Bulletin Extras
Local stories and or articles that are not available in any of the current printed versions of The Bishop's Bulletin.
Bishop Oscar Cantú of Las Cruces, New Mexico welcomes release of Alan Gross, change to U.S. policy toward Cuba  
Wednesday, December 17, 2014  1:35 PM
Washington, D.C. - Bishop Oscar Cantú of Las Cruces, New Mexico, chairman of the Committee on International Justice and Peace of the U.S. Conference of Catholic Bishops (USCCB) welcomed the announcement by President Barack Obama of the release of Alan Gross and other prisoners, and of the administration’s action to normalize relations with Cuba, December 17.

Full text of the statement follows:

STATEMENT ON RELEASE OF ALAN GROSS AND
THE CHANGE IN U.S. POLICY TOWARD CUBA
Most Reverend Oscar Cantú
Chairman, Committee on International Justice and Peace
United States Conference of Catholic Bishops
December 17, 2014

We share the joy of the family of Alan Gross and of all Americans upon hearing the news of his release from over five years of custody in Cuba, as well as the humanitarian release of other prisoners. We are also encouraged by today’s announcement by the Administration of important actions that will foster dialogue, reconciliation, trade, cooperation and contact between our respective nations and citizens.

Our Conference has long held that universal human rights will be strengthened through more engagement between the Cuban and American people. For decades, the USCCB has called for the restoration of diplomatic relations between our nations. We strongly support the review of Cuba’s designation as a State Sponsor of Terrorism.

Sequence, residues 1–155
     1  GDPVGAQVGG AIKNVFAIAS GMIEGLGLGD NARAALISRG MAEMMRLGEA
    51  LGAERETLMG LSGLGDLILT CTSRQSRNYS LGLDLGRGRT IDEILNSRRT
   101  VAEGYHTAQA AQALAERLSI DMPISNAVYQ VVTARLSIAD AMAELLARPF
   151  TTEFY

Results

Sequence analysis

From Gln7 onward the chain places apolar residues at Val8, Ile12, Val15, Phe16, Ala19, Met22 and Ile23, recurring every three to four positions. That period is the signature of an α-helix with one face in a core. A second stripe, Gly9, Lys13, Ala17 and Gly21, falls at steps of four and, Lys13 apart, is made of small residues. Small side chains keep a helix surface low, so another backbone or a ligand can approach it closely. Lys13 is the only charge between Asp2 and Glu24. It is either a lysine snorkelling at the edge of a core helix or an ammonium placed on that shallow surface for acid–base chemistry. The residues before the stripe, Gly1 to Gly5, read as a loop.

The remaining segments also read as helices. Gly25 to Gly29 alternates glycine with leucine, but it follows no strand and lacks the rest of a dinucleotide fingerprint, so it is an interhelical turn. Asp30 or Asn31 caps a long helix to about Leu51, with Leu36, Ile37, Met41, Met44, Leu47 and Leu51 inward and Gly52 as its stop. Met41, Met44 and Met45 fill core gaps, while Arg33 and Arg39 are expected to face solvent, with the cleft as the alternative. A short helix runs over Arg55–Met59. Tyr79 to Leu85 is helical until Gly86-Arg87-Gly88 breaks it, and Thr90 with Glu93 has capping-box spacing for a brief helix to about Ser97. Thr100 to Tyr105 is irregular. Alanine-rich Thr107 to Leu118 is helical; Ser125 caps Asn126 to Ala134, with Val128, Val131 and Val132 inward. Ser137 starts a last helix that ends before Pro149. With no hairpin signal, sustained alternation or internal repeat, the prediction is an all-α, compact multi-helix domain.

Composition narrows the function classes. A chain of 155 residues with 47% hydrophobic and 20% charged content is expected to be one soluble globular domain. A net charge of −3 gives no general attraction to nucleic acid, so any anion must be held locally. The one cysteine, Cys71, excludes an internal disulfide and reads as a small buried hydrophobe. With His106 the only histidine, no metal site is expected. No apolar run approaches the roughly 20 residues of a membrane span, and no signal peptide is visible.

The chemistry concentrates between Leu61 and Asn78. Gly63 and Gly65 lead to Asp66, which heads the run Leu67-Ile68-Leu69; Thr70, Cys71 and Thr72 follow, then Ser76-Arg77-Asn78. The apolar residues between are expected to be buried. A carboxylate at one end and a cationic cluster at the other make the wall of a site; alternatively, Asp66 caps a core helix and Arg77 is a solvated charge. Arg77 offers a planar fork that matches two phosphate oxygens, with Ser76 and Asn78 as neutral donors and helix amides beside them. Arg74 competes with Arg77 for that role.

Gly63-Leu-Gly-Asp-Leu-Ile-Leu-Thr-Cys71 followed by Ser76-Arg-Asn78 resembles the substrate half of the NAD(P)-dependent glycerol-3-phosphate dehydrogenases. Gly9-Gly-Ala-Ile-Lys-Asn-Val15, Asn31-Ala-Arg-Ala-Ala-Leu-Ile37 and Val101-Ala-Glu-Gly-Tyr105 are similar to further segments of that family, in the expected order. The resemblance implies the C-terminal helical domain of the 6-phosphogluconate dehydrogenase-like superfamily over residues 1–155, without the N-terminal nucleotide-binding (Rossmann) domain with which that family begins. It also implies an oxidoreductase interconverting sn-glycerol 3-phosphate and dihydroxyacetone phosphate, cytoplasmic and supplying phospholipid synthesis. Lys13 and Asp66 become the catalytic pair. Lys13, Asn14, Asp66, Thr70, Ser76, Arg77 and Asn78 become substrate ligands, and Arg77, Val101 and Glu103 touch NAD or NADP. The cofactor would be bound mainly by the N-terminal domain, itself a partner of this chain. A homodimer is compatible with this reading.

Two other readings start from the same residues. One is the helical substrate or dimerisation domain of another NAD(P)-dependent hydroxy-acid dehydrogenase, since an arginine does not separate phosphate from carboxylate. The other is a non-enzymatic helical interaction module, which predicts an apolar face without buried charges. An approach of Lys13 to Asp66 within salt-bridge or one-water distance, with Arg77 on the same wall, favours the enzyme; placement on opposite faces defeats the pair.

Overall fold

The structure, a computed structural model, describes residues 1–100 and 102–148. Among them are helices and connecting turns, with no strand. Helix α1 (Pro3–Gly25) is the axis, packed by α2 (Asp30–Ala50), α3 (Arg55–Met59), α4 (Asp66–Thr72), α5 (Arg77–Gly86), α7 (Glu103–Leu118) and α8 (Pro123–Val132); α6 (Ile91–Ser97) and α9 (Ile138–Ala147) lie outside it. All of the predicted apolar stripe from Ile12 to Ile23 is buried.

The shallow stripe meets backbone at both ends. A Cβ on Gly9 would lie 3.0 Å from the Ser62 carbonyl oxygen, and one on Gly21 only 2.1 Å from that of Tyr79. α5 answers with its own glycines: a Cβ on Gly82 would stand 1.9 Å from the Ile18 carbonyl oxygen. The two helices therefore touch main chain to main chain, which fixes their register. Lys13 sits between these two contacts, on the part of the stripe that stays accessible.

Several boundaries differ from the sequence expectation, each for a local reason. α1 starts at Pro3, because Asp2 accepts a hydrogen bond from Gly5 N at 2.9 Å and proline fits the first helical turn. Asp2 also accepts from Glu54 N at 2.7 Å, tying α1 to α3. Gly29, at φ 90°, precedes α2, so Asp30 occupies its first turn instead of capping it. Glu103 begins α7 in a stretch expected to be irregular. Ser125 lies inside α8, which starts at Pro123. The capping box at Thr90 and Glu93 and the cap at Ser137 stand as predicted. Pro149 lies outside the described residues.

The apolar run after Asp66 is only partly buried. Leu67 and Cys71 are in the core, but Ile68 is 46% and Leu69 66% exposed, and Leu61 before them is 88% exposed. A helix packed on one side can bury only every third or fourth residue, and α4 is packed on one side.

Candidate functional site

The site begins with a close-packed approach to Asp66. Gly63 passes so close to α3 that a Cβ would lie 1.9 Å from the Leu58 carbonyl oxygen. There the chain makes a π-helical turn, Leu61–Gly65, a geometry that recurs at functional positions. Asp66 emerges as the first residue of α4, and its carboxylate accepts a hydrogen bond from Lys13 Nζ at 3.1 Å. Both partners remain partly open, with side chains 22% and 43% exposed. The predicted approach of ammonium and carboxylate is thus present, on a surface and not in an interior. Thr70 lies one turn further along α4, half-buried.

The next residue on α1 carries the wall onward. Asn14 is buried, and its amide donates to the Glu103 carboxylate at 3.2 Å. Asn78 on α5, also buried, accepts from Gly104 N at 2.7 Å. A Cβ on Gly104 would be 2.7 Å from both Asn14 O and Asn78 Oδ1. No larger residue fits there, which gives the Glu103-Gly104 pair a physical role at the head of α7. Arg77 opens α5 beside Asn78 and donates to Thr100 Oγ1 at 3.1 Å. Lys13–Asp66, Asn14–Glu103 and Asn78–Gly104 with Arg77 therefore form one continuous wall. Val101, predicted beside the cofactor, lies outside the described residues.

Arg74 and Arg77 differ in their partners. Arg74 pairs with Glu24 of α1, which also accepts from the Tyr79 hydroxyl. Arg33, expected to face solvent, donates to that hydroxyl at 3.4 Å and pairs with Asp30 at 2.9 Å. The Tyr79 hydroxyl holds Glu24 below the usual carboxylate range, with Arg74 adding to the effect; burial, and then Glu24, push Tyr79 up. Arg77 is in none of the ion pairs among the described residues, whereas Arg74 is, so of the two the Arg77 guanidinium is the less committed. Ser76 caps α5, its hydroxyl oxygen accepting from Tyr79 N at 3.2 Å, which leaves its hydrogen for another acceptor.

We believe it is long past due that the United States establish full diplomatic relations with Cuba, withdraw all restrictions on travel to Cuba, rescind terrorist designations aimed at Cuba, encourage trade that will benefit both nations, lift restrictions on business and financial transactions, and facilitate cooperation in the areas of environmental protection, drug interdiction, human trafficking and scientific exchanges. Engagement is the path to support change in Cuba and to empower the Cuban people in their quest for democracy, human rights and religious liberty.

For more information, see this page on the USCCB website: http://www.usccb.org/issues-and-action/human-life-and-dignity/global-issues/latin-america-caribbean/cuba/


USCCB chairman decries opening of family detention center in Dilley, Texas, proposes more humane alternatives to detention for vulnerable families  
Tuesday, December 16, 2014  2:13 PM
Families are traumatized from journey
Detention not a tool for deterrence
More humane alternatives exist

Washington, D.C. - Bishop Eusebio Elizondo, auxiliary bishop of Seattle, chairman of the U.S. Conference of Catholic Bishops’ Committee on Migration, decried the opening of a 2,400-bed detention center in Dilley, Texas, constructed to house, among others, families fleeing persecution in Central America.

The detention center, operated by a private, for-profit group, was inaugurated December 15.

“It is inhumane to house young mothers with children in restrictive detention facilities, as if they are criminals,” said Bishop Elizondo December 16. “Already traumatized from their journey, these families are very vulnerable and need care and support, not further emotional and psychological harm.” Studies have shown that detention has a harmful psychological impact on children.